Julian Clary, centre, in one of his inexplicably spangly outfits as the Spirit of the Bells in Dick Whittington at the London Palladium PAUL COLTAS★★★★☆Do they give knighthoods for services to family-friendly filth? Based on Julian Clary’s performance in this second annual London Palladium panto, they surely should. He’s a total joy. And he has never had a better context for his smooth-talking smut than in this generous, ridiculous, big-budget spectacular.
★★☆☆☆Sometimes having too many good ideas can be worse than having too few. Grimly Handsome, a strikingly inventive, but finally wearyingly fidgety import from New York, is playing in the ground-floor rooms next to Sloane Square Tube that are used by the Royal Court for rehearsals or workshops. Now they are a 60-seat experimental space.
So this, I suggest to Charlie Stemp, is success. It’s only three months since he ended his year in the West End starring in Half a Sixpence, the revived and rewritten HG Wells-based musical that took him from obscurity to standing ovations. His producer, Cameron Mackintosh, labelled him “the best new star since Michael Crawford”.
It's not always an easy evening but The Jungle @youngvictheatre is an inspiring one, an urgent, vivid, even witty piece of theatre that tells us a lot about the Calais refugee camp but is too nimble to get simplistic or preachy. Review in the paper Monday.
Muck Rack makes it simple to find people, tweets, or articles that mention any name, keyword, company, hashtag etc. We've compiled this guide to help you make the most of your search.
Selecting a term
Start searching tweets, articles from media outlets, articles mentioned in tweets, journalists'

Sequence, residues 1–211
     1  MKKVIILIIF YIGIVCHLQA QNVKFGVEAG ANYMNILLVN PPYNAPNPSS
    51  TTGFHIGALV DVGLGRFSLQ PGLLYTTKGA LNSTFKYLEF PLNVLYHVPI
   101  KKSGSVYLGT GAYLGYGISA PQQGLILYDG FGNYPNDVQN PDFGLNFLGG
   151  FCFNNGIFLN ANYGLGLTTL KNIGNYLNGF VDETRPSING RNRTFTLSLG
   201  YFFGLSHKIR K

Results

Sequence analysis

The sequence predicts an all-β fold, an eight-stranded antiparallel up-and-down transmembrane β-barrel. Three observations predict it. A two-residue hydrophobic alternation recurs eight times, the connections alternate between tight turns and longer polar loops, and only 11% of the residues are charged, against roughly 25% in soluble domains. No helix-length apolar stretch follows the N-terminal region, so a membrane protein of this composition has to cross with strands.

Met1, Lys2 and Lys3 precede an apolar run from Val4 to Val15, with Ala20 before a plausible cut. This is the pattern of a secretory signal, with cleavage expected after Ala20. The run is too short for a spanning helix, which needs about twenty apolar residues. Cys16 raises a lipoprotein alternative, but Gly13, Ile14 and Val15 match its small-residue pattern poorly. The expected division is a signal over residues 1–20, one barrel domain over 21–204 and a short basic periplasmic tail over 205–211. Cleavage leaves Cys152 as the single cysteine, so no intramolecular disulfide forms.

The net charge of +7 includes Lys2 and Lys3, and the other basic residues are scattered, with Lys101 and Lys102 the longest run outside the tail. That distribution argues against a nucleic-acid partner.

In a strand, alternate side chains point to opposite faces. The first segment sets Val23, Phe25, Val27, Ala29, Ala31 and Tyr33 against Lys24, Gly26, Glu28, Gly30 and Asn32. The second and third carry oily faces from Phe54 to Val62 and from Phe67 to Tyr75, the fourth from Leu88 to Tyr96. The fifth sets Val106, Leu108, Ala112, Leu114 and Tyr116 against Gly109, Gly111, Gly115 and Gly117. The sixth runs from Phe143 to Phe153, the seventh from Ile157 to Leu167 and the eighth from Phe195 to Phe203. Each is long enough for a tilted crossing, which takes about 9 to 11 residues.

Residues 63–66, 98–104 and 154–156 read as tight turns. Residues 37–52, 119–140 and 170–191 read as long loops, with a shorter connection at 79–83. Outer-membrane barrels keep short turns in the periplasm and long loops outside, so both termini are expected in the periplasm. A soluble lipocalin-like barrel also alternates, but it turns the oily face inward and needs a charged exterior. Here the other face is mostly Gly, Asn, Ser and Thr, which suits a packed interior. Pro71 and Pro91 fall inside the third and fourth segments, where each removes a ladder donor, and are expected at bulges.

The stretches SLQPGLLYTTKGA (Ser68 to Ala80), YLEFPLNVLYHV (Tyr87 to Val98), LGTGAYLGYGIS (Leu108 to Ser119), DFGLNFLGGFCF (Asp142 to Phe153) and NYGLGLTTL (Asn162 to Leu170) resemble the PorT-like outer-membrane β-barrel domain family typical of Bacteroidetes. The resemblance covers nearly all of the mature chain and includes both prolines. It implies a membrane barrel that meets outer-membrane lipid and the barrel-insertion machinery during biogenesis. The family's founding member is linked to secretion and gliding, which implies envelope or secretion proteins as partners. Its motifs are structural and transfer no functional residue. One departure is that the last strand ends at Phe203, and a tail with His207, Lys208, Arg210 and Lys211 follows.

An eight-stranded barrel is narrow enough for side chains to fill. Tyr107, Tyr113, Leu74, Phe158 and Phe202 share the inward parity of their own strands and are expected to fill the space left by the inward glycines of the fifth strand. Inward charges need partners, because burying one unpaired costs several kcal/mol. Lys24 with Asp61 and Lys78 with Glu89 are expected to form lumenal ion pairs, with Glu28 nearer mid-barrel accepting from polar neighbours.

names, titles and bios with some suggested searches:
Companies or Topics (e.g. iPhone, Microsoft)
Phrases (e.g. "cloud computing") — use quotes to keep the terms together
Twitter handles (e.g. @username) — returns those who have mentioned or replied to
Names (e.g. "David Pogue")
Hashtags (e.g. #sxsw, #london2012)
Bio details (e.g. vegan, Olympics, father)
Muck Rack's Advanced Search allows for many boolean operators.
Find results that mention multiple specified terms, use AND or
+. For example, ensure each result contains both Elon Musk and Mark Zuckerberg by
searching Musk AND Zuckerberg or Musk + Zuckerberg.
Use the operators OR or , to broaden your search when you'd like either of
multiple terms to appear in results. (This is the default behavior of our search when no operators
are used). For example, results will contain either cake or cookie by searching cake OR cookie or cake,cookie
Use NOT or - to subtract results from your search. For
example, searching Disney will yield results about the Walt Disney Company as well as Walt Disney
World Resort. To exclude mentions of Disney World, search for Disney -World or Disney
When using one of these operators with a phrase, enclose it in quotation marks. For example, you can
find results about smartphones excluding Apple's iPhone 4S by searching smartphone -"iPhone
Exact case matching or punctuation
If you're searching for a brand name or keyword that relies on specific punctuation marks or capitalization, you can
find results that match your exact query by adding matchcase: before the keyword you're searching for, like matchcase:E*TRADE .
Use parentheses to separate multiple
boolean phrases. For example, to find journalists talking about having fun in Disney World or
Disneyland, search for ("disney world" OR disneyland) AND fun.
An asterisk can be used to search for any variation of a root word truncated by the asterisk. For example, searching for admin* will return results for administrator, administration, administer, administered, etc.
A near operator is an AND operator where you can control the distance between the words. You can vary the distance the near operation uses by adding a forward slash and number (between 0-99) such as strawberries NEAR/10 "whipped cream", which means the strawberries must exist within 10 words of "whipped cream".